The crest on my Blackhawks jersey can feel heavy at some points, which is why I don’t wear it too often when the weather gets warmer, when I skate, etc. However, it doesn’t really bother me during the winter months or when I’m out and about during cold weather. I’m also interested to find out if they soften the crests before games or not. Part of me says no because I think the crest can give a little bit of protection in addition to padding, but I could be wrong.

  • Mike Engle | June 11, 2014 at 11:55 am |

    IF the Rangers get an advantage for having a lighter non-crested jersey (big “if”), then they give it back for not having a crest that can’t help but be a bull’s eye for opposing shooters, resulting in easier saves.
    #RelativelyRemoteHypothesis

    • mike 2 | June 11, 2014 at 5:51 pm |

      Mike, its not a remote hypothesis, its solid science. Proven on the internet and everything.

      http://www.uni-watch...

  • Jim Vilk | June 11, 2014 at 12:05 pm |

    Let’s see…down 3-0 in this series, last Cup win was ’94, last one before that was ’40…and people are seriously discussing whether the Rangers have a competitive advantage??

  • Too Tall Paul | June 11, 2014 at 12:05 pm |

    … Good article on how a lifelong ’Skins fan changed his mind and now things the team’s name should be changed.

    Small typo – need to swap thinks for things.

  • Phil Hecken | June 11, 2014 at 12:16 pm |

    MLB S&S Jerseys. Um, yeah…

    Actually, it kinda works for the Texases.

    • Paul Lukas | June 11, 2014 at 12:33 pm |

      I’m not convinced these are going to be worn on the field. They’re only selling cheap replicas, not authentics, among other yellow flags.

      I have a contact at MLB who’s checking on it for me. He knew nothing about the jerseys until I told him about them, which furthers my hunch that these will not be worn on the field.

      • Paul Lukas | June 11, 2014 at 12:43 pm |

        As I suspected: MLB confirms that the stars/stripes jerseys are NOT being worn on the field.

        • Phil Hecken | June 11, 2014 at 12:57 pm |

          Phew!

        • Thomas J | June 11, 2014 at 12:58 pm |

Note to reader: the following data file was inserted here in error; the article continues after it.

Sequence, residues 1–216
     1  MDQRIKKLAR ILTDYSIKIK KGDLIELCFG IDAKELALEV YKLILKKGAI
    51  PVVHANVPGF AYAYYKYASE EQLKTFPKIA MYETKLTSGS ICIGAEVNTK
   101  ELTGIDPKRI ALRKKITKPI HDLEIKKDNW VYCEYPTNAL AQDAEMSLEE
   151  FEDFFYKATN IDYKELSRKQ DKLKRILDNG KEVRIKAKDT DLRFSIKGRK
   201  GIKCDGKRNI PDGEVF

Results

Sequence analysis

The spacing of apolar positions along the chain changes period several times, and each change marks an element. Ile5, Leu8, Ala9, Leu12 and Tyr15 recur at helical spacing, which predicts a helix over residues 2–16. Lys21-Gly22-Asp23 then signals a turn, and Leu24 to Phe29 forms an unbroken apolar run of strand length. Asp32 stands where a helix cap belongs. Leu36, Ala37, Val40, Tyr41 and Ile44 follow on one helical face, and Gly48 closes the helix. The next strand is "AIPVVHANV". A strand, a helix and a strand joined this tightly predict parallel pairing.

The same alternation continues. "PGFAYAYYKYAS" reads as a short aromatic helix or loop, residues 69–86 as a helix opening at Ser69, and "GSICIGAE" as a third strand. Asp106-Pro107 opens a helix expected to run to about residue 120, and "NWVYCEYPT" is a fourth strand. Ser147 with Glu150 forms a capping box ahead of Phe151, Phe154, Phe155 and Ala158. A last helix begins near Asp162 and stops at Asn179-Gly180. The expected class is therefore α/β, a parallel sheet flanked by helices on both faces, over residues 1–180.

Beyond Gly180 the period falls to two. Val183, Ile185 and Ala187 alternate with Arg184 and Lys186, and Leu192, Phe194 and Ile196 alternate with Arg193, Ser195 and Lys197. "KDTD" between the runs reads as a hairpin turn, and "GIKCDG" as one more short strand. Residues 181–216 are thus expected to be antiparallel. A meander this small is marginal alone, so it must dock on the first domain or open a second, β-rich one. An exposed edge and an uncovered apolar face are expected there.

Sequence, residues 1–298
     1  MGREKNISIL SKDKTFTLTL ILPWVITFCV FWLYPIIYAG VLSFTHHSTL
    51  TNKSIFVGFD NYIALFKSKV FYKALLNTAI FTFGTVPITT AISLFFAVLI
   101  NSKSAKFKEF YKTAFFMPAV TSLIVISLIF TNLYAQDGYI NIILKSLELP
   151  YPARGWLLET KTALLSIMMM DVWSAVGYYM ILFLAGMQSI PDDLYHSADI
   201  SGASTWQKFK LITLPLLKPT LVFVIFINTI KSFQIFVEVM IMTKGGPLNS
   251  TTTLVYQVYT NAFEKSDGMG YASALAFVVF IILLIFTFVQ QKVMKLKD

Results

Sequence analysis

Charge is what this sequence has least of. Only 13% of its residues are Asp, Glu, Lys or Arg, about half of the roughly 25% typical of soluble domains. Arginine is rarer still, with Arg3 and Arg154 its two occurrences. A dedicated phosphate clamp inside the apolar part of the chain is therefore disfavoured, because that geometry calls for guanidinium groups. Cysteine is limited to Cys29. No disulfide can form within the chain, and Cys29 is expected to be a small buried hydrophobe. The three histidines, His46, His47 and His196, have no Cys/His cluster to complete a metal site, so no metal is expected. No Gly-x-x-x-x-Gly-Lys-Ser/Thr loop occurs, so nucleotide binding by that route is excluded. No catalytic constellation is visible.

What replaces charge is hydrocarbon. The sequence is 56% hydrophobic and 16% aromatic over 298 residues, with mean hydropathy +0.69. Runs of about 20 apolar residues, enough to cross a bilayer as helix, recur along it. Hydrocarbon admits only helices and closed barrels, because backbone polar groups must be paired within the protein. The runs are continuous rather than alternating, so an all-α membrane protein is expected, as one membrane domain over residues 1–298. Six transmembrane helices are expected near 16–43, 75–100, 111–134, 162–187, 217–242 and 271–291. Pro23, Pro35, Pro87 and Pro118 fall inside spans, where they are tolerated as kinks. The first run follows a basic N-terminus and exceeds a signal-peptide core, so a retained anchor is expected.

That’s a huge relief.

      • BvK1126 | June 11, 2014 at 2:36 pm |

        “They’re only selling cheap replicas”

        $79.99 is still way more than I would pay for something like that.

    • arrScott | June 11, 2014 at 12:54 pm |

      Wait, looking at the examples, I get that one of the S’s in “S&S” stands for “smallpox.” What does the other S stand for?

  • Cort | June 11, 2014 at 12:51 pm |

    I like a lot of the ESTABLISHMENT logos, but I sort of think that the Establishment doesn’t need a jackbooted logo assert its authority: they’d used something banal, something that gave the masses some sad sense of comfort. Or they’d go with something Great Leadery, something you could genuflect to.

    I’m thinking that cartoon bear from the 1984 Summer Olympics, or Brittany Spears in a Catholic schoolgirl getup, or Concrete Jesus in a soccer jersey. (Although the angry All-Seeing eye was a work of genius.)

  • George N | June 11, 2014 at 12:51 pm |

    That tickets stub for the first Mets home game has an interlocking NY that attempts to replicate the logo on the caps. Not very well, mind you, but it tries. It’s a little detail that got lost somewhere down the road because every logo afterwards had just a plain NY.

    http://www.uni-watch...

    http://content.sport...

    • Ben Fortney | June 11, 2014 at 1:34 pm |

      I also noticed that there’s a seam on the baseball that eventually disappeared, but not until after 1978.

      • Steve D | June 11, 2014 at 1:48 pm |

        Don’t get me started…the true Met logo is and should be EXACTLY the one on that original program. The current logo they use today has several issues that in my mind deface the original art. Would you tweak the Mona Lisa?

        • Chance Michaels | June 11, 2014 at 2:22 pm |

          I actually think it’s stronger without the seam line. It’s not necessary, and clutters up an already-busy logo.